Removing all home visiting obligations from GP practices is one of four options the DoH has proposed to allow patients to register with practices regardless of where they live.
The DoH's preferred solution is to allow practices to make a distinction between local and non-local patients, and arrange home visits just for locals. But GPs may be required to arrange home visits for all patients, regardless of how far away they live, with a per-visit fee negotiated as part of the GMS contract.
The document also proposes tighter rules on closed lists, with popular practices offered grants to expand and those refusing to take on patients stripped of their enhanced services.
'Any practice with an open list should not be attempting to deter patients by saying it is "full", and in doing so is acting in breach of its contract,' says the consultation.
The GPC will respond to the paper in the coming weeks, having already warned the policy will be expensive and destabilise practice and PCT funding.
GPC chairman Dr Laurence Buckman said: 'We don't want to rush to any reaction. We want to take a proper look at this.'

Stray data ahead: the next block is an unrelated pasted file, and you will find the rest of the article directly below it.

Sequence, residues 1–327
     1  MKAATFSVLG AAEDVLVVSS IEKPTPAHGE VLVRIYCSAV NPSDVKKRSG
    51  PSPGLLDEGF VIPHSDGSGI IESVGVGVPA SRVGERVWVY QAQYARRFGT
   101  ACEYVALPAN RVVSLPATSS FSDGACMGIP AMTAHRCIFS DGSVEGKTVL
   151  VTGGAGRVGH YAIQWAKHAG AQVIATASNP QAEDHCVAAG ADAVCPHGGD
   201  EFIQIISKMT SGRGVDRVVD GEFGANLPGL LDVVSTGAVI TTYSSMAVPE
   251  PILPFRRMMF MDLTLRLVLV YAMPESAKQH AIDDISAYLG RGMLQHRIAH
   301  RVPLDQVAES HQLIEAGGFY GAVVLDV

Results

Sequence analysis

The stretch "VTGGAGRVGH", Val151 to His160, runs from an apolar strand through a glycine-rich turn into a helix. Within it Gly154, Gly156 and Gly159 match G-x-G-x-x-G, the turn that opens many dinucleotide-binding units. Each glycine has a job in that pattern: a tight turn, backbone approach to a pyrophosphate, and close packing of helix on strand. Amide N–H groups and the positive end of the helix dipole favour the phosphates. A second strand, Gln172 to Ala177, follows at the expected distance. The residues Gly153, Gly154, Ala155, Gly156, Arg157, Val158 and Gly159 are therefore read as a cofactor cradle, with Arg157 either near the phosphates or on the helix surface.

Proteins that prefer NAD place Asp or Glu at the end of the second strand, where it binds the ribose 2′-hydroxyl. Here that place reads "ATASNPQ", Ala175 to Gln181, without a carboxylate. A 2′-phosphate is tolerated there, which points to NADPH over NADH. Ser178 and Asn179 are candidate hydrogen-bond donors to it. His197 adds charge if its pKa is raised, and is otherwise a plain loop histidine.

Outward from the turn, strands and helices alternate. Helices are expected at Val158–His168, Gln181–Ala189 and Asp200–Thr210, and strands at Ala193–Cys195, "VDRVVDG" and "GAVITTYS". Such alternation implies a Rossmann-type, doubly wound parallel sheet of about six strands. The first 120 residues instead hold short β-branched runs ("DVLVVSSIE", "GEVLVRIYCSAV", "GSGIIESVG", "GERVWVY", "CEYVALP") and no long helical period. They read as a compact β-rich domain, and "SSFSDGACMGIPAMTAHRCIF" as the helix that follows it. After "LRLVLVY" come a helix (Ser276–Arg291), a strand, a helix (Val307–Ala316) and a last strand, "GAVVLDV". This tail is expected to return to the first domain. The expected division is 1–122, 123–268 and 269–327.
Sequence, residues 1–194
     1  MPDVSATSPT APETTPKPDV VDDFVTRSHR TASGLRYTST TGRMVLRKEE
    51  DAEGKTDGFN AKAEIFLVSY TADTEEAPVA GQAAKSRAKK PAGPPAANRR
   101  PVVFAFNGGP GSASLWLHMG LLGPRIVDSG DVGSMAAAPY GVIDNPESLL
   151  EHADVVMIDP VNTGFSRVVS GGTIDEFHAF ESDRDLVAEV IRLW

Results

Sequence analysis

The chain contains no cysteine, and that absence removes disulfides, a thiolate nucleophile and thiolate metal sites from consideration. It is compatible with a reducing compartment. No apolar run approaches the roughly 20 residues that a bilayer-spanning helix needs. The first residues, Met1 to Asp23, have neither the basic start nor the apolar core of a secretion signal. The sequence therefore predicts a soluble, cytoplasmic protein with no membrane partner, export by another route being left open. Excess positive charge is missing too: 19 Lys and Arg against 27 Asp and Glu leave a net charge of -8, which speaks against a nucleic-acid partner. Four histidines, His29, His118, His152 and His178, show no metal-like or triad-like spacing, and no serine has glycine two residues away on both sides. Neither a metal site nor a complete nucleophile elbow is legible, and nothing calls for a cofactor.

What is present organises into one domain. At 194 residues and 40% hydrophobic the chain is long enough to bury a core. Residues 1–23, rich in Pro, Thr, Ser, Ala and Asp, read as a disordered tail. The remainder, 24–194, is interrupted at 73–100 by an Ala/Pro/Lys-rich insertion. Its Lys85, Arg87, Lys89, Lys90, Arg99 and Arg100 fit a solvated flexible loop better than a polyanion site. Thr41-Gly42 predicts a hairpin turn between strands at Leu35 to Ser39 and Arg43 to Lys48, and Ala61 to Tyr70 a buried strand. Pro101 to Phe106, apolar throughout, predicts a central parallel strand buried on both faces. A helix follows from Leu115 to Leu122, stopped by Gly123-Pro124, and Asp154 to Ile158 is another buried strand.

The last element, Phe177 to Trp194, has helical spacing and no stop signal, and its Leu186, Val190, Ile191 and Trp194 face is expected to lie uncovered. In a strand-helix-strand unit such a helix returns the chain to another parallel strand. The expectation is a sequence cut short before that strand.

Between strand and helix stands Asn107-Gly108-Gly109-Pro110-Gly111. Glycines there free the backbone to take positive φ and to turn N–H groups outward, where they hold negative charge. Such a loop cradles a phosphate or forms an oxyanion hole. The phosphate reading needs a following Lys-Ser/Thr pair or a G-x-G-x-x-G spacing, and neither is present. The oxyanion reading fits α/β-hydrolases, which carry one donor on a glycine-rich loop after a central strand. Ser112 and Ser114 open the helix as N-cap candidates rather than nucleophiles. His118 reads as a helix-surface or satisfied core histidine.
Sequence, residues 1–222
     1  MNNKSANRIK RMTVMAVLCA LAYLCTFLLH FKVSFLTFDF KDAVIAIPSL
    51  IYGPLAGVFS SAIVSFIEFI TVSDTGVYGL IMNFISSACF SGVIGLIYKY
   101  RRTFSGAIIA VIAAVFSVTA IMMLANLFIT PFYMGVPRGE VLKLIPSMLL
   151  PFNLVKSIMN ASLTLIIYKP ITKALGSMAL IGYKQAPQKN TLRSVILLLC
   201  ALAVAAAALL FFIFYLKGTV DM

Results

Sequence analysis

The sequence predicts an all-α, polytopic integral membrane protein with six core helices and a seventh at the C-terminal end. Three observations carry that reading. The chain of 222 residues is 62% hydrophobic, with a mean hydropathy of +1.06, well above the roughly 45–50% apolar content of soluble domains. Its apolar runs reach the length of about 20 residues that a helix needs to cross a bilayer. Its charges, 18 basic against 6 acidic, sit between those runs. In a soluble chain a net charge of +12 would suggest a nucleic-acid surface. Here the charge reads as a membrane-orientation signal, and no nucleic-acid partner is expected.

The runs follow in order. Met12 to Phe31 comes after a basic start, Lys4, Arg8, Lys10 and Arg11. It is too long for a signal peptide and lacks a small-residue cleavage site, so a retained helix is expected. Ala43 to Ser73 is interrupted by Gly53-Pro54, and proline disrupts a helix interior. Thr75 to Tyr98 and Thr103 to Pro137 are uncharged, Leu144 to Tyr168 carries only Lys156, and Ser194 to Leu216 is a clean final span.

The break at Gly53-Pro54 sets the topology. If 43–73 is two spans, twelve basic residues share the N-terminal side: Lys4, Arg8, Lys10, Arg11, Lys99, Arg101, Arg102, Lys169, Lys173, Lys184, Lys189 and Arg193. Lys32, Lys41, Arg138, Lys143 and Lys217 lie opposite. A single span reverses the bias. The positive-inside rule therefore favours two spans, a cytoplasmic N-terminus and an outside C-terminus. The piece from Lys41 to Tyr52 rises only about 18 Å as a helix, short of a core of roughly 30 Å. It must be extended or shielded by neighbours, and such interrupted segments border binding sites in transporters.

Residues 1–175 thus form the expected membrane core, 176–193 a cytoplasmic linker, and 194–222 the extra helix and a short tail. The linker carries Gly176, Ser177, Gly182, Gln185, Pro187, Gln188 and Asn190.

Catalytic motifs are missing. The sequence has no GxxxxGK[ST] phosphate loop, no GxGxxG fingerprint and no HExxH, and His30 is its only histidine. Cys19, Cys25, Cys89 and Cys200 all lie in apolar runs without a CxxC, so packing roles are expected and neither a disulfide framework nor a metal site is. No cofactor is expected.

GPC member Dr Nigel Watson, also chief executive of Wessex LMCs, said it was 'disingenuous' of the DoH to propose ideas requiring cash as PCTs look to make savings.
GPs should be resourced to remain in charge of home visits for all their patients, as the numbers involved 'would be so small it would be impractical for PCTs to organise', he said.
Dr Brian Balmer, chief executive of Essex LMCs, described the options for home visiting as 'varying degrees of insanity', and doubted PCTs would want to get involved. 'I don't think PCTs will get into this game. But GP practices have the ingenuity to get around this and make sure patients are covered.'
Health secretary Andy Burnham said boundary reform was 'the right move, at the right time'. He said: 'To make this work some changes will be needed, for example how we organise home visits.'
A DoH poll by IPSOS Mori found 6 per cent of patients would like to see a GP close to work and 18 per cent would like to register with a different GP in their local area.
The Four Options